A user’s credentials are valuable, and are often the key target of phishing and content injection attacks. If a content injection attack can trick a user's credential manager into autofilling her credentials, then the user’s credentials will be available to the attacker directly via DOM APIs or indirectly via form submission to a malicious endpoint. The latter risk can be mitigated via the Content Security Policy
form-action directive, but the former is a real problem. If passwords are a simple
value accessor away, users are at risk.
writeonly attribute to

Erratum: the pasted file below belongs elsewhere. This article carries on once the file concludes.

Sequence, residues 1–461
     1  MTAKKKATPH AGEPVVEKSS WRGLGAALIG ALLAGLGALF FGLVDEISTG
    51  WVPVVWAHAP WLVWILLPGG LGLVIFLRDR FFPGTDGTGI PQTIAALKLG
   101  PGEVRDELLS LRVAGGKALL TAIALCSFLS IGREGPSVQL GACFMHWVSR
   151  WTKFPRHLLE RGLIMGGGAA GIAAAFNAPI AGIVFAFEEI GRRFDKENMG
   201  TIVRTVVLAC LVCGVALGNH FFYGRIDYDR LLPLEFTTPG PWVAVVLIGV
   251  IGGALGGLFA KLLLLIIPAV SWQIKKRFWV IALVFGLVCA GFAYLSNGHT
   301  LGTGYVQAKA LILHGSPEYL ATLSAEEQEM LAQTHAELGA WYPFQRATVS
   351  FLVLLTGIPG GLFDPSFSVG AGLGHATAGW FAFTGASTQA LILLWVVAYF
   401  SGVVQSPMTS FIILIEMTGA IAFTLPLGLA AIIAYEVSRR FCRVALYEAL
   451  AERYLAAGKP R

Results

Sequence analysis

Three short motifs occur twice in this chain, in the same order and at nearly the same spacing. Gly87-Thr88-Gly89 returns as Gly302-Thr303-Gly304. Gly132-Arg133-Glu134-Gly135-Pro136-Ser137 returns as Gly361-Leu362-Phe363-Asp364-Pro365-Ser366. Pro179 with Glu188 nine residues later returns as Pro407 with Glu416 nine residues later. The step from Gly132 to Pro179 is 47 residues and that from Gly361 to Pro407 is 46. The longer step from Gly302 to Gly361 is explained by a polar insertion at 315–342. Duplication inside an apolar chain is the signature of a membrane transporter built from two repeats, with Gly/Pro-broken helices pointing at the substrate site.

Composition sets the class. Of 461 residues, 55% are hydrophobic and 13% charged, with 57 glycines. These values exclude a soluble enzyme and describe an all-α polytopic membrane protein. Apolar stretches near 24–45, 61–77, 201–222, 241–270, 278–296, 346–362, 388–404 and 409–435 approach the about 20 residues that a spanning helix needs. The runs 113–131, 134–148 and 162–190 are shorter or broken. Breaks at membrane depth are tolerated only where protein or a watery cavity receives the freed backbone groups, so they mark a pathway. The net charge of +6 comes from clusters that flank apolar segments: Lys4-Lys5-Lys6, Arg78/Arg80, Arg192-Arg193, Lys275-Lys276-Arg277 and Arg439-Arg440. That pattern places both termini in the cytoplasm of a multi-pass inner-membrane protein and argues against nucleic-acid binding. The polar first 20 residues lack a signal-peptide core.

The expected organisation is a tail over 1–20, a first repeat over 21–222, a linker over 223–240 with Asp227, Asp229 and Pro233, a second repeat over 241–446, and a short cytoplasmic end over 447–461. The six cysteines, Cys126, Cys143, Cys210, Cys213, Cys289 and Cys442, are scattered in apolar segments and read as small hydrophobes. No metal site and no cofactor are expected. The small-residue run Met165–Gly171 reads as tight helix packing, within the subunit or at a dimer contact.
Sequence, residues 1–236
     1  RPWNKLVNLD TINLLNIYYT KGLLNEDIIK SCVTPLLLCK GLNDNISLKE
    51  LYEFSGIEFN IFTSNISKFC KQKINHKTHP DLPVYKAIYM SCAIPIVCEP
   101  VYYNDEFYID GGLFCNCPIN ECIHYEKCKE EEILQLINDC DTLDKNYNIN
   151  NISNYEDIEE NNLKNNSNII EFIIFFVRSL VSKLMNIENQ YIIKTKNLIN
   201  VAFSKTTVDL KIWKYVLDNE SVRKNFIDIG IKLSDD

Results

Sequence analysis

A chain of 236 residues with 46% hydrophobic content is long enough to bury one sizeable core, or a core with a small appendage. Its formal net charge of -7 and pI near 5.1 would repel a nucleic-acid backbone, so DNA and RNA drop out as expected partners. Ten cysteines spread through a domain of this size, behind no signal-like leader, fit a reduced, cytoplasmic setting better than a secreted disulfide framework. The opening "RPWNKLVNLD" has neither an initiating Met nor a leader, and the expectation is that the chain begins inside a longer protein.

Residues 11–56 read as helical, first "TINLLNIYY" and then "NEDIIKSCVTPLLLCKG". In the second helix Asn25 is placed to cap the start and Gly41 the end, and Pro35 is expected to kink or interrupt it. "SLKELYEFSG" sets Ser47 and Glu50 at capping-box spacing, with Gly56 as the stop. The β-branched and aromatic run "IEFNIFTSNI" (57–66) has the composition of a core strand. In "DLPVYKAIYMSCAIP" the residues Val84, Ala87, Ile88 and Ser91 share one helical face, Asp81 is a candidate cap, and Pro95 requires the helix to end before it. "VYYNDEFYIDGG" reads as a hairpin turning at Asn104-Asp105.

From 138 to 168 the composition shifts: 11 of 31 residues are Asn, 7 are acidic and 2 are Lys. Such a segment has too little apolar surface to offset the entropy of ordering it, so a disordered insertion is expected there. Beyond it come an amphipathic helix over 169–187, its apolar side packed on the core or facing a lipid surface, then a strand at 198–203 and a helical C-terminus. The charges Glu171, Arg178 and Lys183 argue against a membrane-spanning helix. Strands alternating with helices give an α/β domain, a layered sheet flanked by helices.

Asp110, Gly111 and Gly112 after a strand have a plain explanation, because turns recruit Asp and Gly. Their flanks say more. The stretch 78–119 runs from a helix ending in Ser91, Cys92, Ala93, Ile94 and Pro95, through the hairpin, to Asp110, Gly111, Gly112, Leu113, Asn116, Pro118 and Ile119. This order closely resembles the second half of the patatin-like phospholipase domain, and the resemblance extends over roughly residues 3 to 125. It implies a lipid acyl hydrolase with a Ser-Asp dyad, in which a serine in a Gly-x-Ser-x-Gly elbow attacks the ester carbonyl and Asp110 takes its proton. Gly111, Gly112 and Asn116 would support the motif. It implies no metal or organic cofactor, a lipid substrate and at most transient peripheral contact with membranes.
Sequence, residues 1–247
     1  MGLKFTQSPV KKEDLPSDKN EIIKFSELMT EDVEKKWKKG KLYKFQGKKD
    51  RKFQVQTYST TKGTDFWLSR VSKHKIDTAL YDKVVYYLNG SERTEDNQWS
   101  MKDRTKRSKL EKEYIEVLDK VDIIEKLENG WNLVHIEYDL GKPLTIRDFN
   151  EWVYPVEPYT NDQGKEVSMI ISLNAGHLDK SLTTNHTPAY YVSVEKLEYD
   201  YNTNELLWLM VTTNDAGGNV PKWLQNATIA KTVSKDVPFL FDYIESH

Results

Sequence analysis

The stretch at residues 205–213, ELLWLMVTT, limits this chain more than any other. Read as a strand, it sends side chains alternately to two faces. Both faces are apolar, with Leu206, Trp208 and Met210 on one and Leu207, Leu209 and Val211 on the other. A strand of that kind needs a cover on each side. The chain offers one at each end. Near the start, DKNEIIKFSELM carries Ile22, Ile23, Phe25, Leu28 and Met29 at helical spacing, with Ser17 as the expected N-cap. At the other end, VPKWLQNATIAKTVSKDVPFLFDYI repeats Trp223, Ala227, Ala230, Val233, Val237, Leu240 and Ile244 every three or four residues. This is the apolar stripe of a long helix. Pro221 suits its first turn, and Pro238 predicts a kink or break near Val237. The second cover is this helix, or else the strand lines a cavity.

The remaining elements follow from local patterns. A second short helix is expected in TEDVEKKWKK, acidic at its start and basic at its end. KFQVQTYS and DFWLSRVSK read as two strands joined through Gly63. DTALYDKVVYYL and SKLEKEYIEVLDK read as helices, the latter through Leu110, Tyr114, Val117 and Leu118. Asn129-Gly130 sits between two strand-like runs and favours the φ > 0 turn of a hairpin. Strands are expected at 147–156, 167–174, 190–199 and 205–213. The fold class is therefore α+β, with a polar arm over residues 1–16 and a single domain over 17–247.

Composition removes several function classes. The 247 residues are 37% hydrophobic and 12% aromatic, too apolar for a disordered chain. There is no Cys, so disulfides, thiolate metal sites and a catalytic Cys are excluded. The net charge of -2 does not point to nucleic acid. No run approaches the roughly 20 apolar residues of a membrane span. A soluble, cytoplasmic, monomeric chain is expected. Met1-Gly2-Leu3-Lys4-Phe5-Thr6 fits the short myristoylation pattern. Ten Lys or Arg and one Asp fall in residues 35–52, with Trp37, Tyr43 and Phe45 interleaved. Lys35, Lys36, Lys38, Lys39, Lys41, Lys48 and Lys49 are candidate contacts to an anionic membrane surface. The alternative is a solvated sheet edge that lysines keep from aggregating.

<input writeonly type="password">
This would throw an
value* accessors, bar the element from constraint validation, block
keypress events, and probably other things I haven't considered yet.
This state could also be controlled via a Content Security Policy directive which would set
writeonly state for some arbitrary set of
input elements, perhaps based on
autocomplete attribute values. Perhaps:
Content-Security-Policy: form-writeonly cc-number cc-csc ... current-password new-password
I've strawmanned this out in a bit of detail at https://mikewest.github.io/credentialmanagement/writeonly/, and there was a short-lived public-webapps thread at http://lists.w3.org/Archives/Public/public-webapps/2014JulSep/0165.html